Crime round-up

Crime round-up

Published Date: 25 November 2007 in Scotland on Sunday

Edited by Maxim Jakubowski; translated by Lulu Norman and Ros Schwartz
Serpent’s Tail, £8.99

As owner of Murder One, London’s cult bookshop for crime, Maxim Jakubowski aptly launched the Capital Crime series with London Noir. Brought up in France, Paris was an obvious choice for a sequel. The mix of authors is eclectic: English-writing authors had to have lived/studied/spent time in Paris, while the French authors are personal friends or authors admired by the editor. Those written by the French writers offer a grittier picture of the city, such as Dominique Sylvain’s ‘Heatwave’ about a murder during the Tour de France in 2003. The English-speaking writers, John Harvey and John Williams among them, mainly dwell on individual psychoses.

Also try: Fred Vargas (trans. Sian Reynolds), Have Mercy On Us All


Edited by Giancarlo De Cataldo; translated by Andrew Brown
Bitter Lemon, £8.99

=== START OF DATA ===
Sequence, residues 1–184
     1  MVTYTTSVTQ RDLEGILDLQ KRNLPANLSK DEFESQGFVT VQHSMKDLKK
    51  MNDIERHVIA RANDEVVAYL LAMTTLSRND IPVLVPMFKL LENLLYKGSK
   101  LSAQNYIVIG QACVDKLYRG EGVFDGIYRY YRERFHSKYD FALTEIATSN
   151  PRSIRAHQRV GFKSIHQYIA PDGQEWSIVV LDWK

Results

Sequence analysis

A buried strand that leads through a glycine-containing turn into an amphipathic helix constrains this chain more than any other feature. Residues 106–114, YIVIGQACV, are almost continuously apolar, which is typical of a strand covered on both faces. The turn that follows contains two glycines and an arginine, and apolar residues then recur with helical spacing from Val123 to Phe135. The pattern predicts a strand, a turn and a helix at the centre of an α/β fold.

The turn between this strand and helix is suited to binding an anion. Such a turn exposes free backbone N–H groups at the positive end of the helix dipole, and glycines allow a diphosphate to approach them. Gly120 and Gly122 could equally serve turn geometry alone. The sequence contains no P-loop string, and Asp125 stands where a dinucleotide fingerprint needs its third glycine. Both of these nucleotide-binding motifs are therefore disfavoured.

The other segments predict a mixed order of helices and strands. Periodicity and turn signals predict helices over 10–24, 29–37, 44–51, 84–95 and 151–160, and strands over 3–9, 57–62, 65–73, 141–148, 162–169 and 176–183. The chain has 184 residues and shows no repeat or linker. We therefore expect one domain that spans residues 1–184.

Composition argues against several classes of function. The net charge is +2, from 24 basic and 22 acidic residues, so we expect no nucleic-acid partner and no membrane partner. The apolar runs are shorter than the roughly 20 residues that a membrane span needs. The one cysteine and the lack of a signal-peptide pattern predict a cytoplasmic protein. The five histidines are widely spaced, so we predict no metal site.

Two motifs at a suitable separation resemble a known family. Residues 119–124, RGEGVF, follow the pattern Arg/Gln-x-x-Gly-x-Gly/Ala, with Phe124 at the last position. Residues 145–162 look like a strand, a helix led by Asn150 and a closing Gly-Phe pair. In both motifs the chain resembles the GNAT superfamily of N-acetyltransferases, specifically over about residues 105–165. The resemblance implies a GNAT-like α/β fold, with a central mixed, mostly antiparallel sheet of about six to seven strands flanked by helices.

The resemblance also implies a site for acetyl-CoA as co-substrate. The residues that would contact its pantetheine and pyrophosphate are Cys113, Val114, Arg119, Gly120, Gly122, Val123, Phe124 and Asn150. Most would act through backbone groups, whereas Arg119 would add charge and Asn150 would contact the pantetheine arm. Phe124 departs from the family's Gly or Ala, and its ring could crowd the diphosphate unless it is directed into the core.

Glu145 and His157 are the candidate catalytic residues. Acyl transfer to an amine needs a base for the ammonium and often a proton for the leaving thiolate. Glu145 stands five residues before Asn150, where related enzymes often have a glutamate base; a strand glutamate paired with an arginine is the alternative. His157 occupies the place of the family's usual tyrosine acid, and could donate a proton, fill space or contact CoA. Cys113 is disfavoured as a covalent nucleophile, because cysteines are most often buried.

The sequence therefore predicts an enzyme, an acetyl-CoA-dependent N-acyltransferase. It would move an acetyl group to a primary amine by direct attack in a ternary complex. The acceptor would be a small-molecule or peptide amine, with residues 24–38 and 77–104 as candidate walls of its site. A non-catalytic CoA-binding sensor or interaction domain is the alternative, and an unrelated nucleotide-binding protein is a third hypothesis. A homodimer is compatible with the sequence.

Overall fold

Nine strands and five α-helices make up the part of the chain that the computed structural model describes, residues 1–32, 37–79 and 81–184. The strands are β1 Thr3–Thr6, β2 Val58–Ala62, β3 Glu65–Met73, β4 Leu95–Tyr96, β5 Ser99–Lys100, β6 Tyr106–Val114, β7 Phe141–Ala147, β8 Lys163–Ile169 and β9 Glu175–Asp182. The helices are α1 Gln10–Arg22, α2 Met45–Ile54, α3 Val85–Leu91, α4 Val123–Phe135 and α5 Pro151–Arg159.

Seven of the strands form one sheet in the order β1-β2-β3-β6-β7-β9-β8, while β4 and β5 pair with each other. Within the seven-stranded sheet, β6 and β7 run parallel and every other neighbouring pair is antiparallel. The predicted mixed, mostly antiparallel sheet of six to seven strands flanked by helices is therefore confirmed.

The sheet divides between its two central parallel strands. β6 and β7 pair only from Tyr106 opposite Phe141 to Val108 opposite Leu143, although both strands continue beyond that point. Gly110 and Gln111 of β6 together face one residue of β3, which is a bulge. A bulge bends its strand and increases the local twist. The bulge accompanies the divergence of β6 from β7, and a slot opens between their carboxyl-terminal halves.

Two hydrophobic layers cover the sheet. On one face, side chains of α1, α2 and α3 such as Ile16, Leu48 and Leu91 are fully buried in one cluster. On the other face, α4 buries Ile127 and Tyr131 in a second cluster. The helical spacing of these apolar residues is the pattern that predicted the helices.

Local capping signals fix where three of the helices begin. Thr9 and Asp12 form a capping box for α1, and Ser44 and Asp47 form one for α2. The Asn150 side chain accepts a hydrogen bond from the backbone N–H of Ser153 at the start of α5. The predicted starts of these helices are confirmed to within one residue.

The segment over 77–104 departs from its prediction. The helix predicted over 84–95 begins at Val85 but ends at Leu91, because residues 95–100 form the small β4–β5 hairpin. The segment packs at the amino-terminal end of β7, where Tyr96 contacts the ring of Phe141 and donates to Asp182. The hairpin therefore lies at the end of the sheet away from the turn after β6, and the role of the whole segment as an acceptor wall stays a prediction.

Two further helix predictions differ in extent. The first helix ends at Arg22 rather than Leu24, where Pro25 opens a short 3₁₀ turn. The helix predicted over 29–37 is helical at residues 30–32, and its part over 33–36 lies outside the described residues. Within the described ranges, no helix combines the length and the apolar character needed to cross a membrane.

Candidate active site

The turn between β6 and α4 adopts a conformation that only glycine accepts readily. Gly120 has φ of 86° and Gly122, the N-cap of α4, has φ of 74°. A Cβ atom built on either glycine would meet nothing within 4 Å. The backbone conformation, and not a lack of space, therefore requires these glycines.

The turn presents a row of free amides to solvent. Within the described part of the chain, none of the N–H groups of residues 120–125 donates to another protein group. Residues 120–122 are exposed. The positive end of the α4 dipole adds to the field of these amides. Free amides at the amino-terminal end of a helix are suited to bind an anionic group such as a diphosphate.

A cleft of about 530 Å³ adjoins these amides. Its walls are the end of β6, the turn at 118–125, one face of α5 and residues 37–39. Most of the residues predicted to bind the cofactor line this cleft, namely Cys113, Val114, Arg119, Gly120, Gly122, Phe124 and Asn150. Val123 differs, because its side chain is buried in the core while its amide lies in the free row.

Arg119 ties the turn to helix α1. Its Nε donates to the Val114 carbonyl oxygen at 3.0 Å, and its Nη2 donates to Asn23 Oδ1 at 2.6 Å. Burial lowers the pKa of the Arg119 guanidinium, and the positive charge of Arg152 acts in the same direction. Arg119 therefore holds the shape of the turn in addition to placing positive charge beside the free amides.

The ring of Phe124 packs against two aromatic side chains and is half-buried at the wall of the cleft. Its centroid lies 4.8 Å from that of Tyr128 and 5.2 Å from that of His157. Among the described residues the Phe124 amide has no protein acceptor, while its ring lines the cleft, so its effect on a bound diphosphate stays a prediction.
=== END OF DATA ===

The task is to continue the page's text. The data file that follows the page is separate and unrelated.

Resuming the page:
Italian mafia and political crime are often seen in Britain as the other extreme of Italy’s under-the-olive-tree, mandolin and pizza culture, so a collection of Italian crime fiction might seem long overdue. However, Italian noir is a relatively new phenomenon. The brutal reality of the “years of lead” was first re-examined by De Cataldo, the editor of this anthology, in Romanzo Criminale, now an excellent film. Contributors include Niccolo Ammaniti (I’m Not Scared) and Andrea Camilleri (the Inspector Montalbano series), and authors who deserve to be better known to English readers, such as Carlo Lucarelli and Massimo Carlotto. This should be compulsory reading as a counterweight to bland TV series such as Francesco’s Italy.

Also try: Gianrico Carofiglio (trans. Patrick Creagh), Involuntary Witness; Andrea Camilleri (trans. Stephen Sartarelli), The Excursion To Tindari

© Lucinda Byatt

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